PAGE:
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The Fight Over CHIP Has Reached New Heights of Absurdity (or Depths of Cruelty)

WASHINGTON, DC - JANUARY 09:  Committee Chairman Sen. Orrin Hatch (R-UT) listens as Alex Azar, Secretary of Health and Human Services nominee, testifies before the Senate Finance Committee January 9, 2018 on Capitol Hill in Washington, DC. Hatch has announced that he is retiring from the U.S. Senate.  (Photo by Win McNamee/Getty Images)
Do the right thing Orrin. Win McNamee/Getty Images

Congress’s failure to reauthorize the Children’s Health Insurance Program is becoming ever more absurd and potentially devastating by the day.

Back in December, lawmakers passed a temporary funding bill meant to keep the widely popular program running through March, since they had failed to agree on how to fund a full, five-year reauthorization of the law. But it turns out that the $2.8 billion Congress set aside may not have been enough. Late last week, the Trump administration warned that some state CHIP programs could start running out of money as soon as this month.

“The funding … should carry all the states through January 19, based upon best estimates of state expenditures to date,” Centers for Medicare and Medicaid Services spokesman Johnathan Monroe told NPR. “However, due to a number of variables relating to state expenditure rates and reporting, we are unable to say with certainty whether there is enough funding for every state to continue its CHIP program through March 31, 2018.”

Failing to reauthorize CHIP before states exhaust their funding would be a pointless debacle. The program provides insurance to roughly 9 million lower-income children whose parents earn too much to qualify for Medicaid. If Congress doesn’t act, many of those kids could end up losing their coverage outright, just as states warned before the stopgap passed last month.

Everybody agrees this would be be a very, very bad thing. CHIP is one of the few federal programs with broad bipartisan support. Utah Sen. Orrin Hatch, who now chairs the Senate Finance Committee, helped create it back in 1997, a fact that he brings up every time reporters ask him why he hasn’t just gone ahead and made a deal to renew it. But the GOP is notoriously willing to put programs they acknowledge are important in peril for the sake of separate political objectives, and as such, they’ve decided to try and extract painful spending cuts in return for extending health insurance for kids. In November, before the party turned its attention entirely toward taxes, Republicans proposed raiding a preventative care fund set up under Obamacare to fund. This was a non-starter for Democrats—that pool of money finances valuable health care efforts like vaccination and diabetes programs—and the two sides ended up at loggerheads.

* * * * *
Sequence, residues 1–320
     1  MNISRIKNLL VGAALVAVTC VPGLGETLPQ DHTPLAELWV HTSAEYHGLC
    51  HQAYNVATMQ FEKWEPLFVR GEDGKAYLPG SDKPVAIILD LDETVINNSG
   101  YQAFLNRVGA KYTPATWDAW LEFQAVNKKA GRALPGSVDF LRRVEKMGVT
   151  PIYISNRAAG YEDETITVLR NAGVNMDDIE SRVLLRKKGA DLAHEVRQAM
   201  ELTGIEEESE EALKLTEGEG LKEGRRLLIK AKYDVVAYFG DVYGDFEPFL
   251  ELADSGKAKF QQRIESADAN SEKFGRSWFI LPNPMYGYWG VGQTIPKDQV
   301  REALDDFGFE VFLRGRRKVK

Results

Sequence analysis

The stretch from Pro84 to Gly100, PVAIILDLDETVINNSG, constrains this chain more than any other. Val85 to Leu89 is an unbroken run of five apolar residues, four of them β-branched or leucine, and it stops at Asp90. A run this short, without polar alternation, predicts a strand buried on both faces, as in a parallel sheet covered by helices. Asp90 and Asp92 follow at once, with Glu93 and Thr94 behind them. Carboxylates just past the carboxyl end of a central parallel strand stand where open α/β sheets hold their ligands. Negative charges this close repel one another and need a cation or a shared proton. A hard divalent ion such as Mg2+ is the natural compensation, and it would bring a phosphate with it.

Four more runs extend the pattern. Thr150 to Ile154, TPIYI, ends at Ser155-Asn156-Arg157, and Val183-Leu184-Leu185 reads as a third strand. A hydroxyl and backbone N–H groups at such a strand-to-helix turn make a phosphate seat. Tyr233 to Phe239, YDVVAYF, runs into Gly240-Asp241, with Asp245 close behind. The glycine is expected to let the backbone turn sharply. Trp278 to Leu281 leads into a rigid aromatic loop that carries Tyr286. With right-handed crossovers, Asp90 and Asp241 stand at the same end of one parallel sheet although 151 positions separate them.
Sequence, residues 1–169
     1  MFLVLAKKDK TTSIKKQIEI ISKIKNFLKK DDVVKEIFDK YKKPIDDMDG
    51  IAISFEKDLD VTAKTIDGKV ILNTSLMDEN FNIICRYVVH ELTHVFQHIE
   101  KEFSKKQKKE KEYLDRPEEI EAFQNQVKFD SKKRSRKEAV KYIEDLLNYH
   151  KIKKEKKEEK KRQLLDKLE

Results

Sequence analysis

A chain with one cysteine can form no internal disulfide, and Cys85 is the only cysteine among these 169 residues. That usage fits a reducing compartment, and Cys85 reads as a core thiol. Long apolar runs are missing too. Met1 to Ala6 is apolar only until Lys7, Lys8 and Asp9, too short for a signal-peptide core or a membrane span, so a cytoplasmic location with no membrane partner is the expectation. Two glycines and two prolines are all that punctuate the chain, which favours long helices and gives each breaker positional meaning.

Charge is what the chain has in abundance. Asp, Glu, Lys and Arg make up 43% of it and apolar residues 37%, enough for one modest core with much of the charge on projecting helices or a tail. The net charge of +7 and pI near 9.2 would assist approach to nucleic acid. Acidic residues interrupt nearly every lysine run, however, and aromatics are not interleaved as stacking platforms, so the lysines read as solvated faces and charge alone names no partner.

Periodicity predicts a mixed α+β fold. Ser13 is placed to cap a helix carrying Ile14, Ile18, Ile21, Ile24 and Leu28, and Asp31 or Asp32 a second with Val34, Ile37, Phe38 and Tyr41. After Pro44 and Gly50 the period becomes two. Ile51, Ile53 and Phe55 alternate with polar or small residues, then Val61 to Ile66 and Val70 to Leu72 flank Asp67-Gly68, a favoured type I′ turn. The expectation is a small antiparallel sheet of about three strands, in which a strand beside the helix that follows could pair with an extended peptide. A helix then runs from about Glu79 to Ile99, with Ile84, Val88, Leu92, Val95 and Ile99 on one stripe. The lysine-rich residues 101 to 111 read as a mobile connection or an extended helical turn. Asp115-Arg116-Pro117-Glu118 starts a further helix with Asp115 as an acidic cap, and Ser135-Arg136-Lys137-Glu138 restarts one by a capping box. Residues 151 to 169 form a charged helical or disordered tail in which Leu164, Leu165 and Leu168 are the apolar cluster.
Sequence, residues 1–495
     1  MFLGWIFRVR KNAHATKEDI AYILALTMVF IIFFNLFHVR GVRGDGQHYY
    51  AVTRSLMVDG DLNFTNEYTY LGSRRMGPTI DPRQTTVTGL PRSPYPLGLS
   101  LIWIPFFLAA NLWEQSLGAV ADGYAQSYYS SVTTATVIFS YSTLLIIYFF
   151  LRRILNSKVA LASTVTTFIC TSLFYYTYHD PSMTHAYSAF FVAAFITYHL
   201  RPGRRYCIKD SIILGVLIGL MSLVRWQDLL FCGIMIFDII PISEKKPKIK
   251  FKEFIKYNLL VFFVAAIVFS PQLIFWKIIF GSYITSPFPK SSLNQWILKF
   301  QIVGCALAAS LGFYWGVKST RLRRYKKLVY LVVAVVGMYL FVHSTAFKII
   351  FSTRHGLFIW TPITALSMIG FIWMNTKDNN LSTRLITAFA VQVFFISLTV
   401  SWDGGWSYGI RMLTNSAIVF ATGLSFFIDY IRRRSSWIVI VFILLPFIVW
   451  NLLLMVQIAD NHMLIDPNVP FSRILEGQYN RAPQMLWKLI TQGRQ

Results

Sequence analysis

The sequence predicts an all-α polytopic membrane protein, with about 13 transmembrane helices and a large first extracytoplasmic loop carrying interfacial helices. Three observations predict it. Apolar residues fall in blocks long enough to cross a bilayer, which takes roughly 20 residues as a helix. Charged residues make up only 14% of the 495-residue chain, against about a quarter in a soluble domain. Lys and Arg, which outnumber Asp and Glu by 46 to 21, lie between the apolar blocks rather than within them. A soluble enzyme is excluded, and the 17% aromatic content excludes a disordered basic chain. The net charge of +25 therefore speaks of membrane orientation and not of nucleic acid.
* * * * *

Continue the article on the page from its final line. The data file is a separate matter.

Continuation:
But now, the question of how to fund CHIP going forward has been rendered all but moot. That’s because the Congressional Budget Office recently updated its estimate of how much reauthorizing the law would cost. Where before extending the program through 2022 would have required $8.2 billion, the scorekeepers now think it would take just a measly $800 million.* The smaller price tag is an unexpected side-effect of the GOP’s decision to fund their tax bill by killing the Affordable Care Act’s individual mandate—a move that’s widely expected to drive up insurance premiums on the individual market. The CBO believes that many children who lose CHIP will simply end up enrolled in Obamacare coverage, which, thanks to the mandate’s demise, will now cost the government more to subsidize. As a result, keeping CHIP up and running now looks relatively cheaper than before. Much cheaper.

Bottom line: Thanks to an odd twist of budgetary fate, Congress could keep CHIP running for couch cushion money—an amount so small it barely merits a budgetary offset, especially in the wake of a $1.5 trillion tax cut. The president could probably cover much of the expense by limiting his golf-time, if anybody was really desperate to scrounge up some lose change. There is absolutely no reason why Republicans shouldn’t bring renewal up for a vote immediately, before states run into peril. To wait any longer would show nothing but pure callousness towards American parents and children.

*Correction, Jan. 9, 2018: This post incorrectly stated that extending CHIP for 10 years would cost $800 million according to the CBO’s original analysis. That was the cost of extending the program for 5 years.

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